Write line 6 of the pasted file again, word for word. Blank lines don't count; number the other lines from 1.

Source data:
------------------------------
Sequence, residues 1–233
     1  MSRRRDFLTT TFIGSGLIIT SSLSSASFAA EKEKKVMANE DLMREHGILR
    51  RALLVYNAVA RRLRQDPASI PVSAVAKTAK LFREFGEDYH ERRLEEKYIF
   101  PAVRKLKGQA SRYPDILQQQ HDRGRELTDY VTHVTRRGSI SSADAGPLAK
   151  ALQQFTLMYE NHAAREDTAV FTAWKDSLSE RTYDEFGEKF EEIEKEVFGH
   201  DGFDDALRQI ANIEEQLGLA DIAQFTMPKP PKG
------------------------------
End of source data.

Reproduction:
   201  DGFDDALRQI ANIEEQLGLA DIAQFTMPKP PKG